By Johnny Walker
It’s too bad the powers that be at ESPN’s Friday Night Fights decided to shunt tonight’s heavyweight tilt between Polish bad boy Artur “The Pin” Szpilka and American veteran Mike Mollo over to their web site, because the scrap between the two heavweights proved to be much more exciting than did the program’s televised main event-
Those who complain that the heavyweight division is “dull” and “boring” should have been watching this wild scrap, which was edge-of-your-seat kind of stuff.
Szpilka, who showed up in his usual orange prison jumpsuit, was making a comeback of sorts, having not fought since decisioning American veteran Jameel McCline in Poland last summer. For Mollo, the time spent out of the squared circle was much longer, as due to a series of hard luck incidents, Mollo had not fought since 2010.
Both men seemed to want to make up for lost time in this intense clash, with Mollo attempting to bull his opponent around the ring and rough him up, and finding Szpilka mostly eager to mix it up with him. Szpilka was obviously the most talented and skilled boxer of the two, but Mollo was working from sheer frustration and desire after having been out of the ring so long.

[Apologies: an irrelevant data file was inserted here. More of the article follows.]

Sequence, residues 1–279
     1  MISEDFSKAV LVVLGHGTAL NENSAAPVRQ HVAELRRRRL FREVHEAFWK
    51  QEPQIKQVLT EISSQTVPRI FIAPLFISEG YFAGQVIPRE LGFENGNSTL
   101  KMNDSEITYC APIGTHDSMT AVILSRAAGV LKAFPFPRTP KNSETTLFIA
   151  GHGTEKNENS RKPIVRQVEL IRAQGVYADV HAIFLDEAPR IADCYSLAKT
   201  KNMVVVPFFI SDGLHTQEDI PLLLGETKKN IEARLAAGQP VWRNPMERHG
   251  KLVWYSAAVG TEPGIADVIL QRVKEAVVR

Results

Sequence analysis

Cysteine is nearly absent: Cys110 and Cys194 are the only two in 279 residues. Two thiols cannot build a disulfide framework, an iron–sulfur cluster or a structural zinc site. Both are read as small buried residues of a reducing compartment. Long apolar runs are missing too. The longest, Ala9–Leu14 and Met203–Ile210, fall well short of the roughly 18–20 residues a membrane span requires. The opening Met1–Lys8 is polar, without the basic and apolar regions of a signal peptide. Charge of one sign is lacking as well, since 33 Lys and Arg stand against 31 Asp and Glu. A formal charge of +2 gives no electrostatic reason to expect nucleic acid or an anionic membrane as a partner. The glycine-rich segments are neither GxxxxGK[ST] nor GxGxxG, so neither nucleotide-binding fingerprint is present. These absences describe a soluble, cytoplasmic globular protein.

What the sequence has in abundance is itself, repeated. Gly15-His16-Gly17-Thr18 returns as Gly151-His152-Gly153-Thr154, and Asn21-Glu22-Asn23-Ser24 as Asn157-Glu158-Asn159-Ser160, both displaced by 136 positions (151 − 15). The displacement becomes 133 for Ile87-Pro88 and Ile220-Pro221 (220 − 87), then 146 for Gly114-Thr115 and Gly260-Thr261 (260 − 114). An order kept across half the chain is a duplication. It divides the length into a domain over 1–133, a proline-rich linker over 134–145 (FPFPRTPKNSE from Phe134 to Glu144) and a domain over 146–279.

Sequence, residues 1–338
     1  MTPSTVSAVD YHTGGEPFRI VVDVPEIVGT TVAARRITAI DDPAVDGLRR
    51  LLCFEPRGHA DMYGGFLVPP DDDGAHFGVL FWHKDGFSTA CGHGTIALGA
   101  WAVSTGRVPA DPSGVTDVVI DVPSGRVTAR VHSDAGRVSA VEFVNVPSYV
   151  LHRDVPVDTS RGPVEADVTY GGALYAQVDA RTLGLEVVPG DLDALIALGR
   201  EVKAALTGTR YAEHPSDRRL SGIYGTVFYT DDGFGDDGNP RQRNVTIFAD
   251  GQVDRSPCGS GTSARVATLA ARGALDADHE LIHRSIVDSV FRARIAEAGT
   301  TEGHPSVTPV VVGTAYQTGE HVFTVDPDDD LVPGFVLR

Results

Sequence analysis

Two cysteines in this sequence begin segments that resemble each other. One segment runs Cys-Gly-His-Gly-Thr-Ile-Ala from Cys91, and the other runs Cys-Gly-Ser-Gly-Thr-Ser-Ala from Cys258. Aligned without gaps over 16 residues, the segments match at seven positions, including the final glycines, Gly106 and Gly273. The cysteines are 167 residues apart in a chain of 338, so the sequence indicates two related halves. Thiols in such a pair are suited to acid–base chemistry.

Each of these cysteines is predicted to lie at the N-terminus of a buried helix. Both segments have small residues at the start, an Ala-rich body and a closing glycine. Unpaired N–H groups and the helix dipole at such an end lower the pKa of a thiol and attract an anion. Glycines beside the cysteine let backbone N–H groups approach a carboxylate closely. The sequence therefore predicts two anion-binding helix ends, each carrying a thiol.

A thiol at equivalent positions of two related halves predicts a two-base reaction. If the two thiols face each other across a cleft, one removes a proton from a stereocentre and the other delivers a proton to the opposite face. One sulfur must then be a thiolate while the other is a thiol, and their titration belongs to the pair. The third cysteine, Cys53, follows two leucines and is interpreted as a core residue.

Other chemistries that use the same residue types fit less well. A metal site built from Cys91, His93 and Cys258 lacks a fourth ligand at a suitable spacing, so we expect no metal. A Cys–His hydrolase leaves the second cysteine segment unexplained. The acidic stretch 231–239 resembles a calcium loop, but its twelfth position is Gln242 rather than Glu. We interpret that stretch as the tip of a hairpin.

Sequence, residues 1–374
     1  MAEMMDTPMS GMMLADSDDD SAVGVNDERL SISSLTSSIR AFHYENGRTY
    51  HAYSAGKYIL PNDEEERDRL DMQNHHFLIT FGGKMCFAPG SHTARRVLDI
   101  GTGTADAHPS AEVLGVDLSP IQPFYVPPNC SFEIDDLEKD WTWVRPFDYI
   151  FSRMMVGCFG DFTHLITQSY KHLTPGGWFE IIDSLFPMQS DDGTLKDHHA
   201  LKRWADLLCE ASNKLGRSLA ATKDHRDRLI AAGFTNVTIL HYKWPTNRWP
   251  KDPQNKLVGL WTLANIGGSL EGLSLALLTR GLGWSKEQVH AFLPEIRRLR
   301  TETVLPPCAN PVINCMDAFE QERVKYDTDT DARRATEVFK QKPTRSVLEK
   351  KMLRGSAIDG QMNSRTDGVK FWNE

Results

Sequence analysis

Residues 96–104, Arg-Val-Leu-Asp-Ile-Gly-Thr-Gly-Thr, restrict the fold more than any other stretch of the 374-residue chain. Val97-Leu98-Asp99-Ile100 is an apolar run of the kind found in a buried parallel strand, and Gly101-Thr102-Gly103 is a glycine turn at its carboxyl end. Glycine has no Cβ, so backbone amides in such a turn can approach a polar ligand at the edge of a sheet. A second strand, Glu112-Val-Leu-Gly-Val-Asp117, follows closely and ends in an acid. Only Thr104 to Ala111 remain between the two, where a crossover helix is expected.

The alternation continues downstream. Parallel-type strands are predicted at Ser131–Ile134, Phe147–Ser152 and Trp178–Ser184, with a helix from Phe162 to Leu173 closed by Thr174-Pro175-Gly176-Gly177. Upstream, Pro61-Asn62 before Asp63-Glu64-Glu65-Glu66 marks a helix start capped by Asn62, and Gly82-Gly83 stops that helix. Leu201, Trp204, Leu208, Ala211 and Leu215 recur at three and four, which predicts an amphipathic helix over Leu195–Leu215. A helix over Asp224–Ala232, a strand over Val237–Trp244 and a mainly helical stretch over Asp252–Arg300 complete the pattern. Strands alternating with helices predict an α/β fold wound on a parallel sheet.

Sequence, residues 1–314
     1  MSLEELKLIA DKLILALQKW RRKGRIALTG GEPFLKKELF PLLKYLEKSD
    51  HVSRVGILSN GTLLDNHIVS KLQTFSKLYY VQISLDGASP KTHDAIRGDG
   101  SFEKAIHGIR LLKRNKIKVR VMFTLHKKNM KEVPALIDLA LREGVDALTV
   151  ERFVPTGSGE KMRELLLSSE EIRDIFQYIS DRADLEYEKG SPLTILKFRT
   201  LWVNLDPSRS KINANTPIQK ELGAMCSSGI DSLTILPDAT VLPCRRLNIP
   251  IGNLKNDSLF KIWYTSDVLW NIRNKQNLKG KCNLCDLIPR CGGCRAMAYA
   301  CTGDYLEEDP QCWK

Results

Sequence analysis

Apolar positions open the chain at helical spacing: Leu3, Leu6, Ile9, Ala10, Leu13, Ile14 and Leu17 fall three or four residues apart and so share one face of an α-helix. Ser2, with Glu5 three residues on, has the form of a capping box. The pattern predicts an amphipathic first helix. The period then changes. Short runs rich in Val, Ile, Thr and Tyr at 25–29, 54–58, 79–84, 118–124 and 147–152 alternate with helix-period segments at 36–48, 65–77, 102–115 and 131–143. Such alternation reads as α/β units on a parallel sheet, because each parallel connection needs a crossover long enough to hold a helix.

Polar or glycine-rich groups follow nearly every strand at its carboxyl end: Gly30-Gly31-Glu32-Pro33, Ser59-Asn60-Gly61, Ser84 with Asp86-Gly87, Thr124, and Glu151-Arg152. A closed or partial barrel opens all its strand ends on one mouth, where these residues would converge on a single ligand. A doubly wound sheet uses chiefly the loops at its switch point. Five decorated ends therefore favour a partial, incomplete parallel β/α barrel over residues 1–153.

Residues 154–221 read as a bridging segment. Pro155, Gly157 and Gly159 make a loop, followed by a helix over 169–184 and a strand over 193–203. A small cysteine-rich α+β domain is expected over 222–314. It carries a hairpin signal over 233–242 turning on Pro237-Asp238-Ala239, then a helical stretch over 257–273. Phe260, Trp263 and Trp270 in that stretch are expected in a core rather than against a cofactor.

Mollo (20-4-1, 12 KOs) is a pressure fighter, a smaller version of Chris Arreola, and Szpilka was initally thrown by the relentless, bullish forward movement of his opponent. A body shot sent Szpilka ever so briefly to the mat in round one, and he received a count. Szpilka got up and dusted himself off, opening a cut on Mollo’s face in the second round.
When Szpilka got settled into a boxing instead of brawling mode, he was strafing Mollo’s face with hard shots and cutting him to ribbons. But the hard-charging American wasn’t easily dissuaded, and when Szpilka got a little sloppy and off balance during an exchange in round three, Mollo nailed him on the chin–a chin which was broken in “The Pin’s” win over McCline–with a hard left that sent the Pole sprawling to the canvas in a far more convincing second knockdown.
Such was the torrid pace here that Szpilka seemed to be tiring early, resembling David Haye against Wladimir Klitschko as he kept falling to the mat as the fight progressed. The referee docked Mollo a point for rough tactics in the fifth, but in truth, both fighters didn’t shy away from using their heads–literally–plus elbows, and whatever they could find to hurt each other as the bout got even more intense.
Mollo’s face was a mass of blood from a combination of punches and headbutts during round six, and he also was visibly weakening. Finally, the southpaw Szpilka gathered himself and hit Mollo with two straight lefts, the second sending him crashing to the canvas like a felled tree. No count was deemed necessary: Artur Szpilka (13-0, 10 KOs) had prevailed in a far tougher fight than he expected, the winner by knockout at 2:45 of round six.